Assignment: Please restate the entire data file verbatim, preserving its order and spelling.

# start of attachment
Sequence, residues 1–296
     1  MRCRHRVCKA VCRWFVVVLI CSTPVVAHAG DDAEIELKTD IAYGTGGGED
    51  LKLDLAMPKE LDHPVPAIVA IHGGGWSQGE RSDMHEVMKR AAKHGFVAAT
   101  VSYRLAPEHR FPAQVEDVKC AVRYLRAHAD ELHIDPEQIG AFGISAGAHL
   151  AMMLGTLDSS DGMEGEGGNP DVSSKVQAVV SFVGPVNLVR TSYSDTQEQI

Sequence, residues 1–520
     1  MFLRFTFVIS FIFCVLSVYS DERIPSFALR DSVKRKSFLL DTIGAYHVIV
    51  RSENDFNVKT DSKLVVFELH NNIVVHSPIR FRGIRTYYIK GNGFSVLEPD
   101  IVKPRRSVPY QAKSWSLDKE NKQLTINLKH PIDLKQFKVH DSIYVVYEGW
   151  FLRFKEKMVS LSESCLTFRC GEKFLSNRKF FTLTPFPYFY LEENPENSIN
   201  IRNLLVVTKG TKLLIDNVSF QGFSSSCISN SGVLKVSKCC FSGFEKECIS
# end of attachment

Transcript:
Sequence, residues 1–296
     1  MRCRHRVCKA VCRWFVVVLI CSTPVVAHAG DDAEIELKTD IAYGTGGGED
    51  LKLDLAMPKE LDHPVPAIVA IHGGGWSQGE RSDMHEVMKR AAKHGFVAAT
   101  VSYRLAPEHR FPAQVEDVKC AVRYLRAHAD ELHIDPEQIG AFGISAGAHL
   151  AMMLGTLDSS DGMEGEGGNP DVSSKVQAVV SFVGPVNLVR TSYSDTQEQI

Sequence, residues 1–520
     1  MFLRFTFVIS FIFCVLSVYS DERIPSFALR DSVKRKSFLL DTIGAYHVIV
    51  RSENDFNVKT DSKLVVFELH NNIVVHSPIR FRGIRTYYIK GNGFSVLEPD
   101  IVKPRRSVPY QAKSWSLDKE NKQLTINLKH PIDLKQFKVH DSIYVVYEGW
   151  FLRFKEKMVS LSESCLTFRC GEKFLSNRKF FTLTPFPYFY LEENPENSIN
   201  IRNLLVVTKG TKLLIDNVSF QGFSSSCISN SGVLKVSKCC FSGFEKECIS